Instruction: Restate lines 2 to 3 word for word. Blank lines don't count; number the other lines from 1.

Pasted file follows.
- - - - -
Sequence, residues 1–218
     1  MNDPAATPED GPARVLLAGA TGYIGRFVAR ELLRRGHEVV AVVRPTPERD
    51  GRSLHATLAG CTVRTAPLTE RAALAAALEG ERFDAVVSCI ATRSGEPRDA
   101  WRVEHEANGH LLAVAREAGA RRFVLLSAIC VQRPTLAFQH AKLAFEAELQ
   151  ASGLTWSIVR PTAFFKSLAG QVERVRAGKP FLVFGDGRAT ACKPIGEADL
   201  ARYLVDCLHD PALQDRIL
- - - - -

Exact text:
     1  MNDPAATPED GPARVLLAGA TGYIGRFVAR ELLRRGHEVV AVVRPTPERD
    51  GRSLHATLAG CTVRTAPLTE RAALAAALEG ERFDAVVSCI ATRSGEPRDA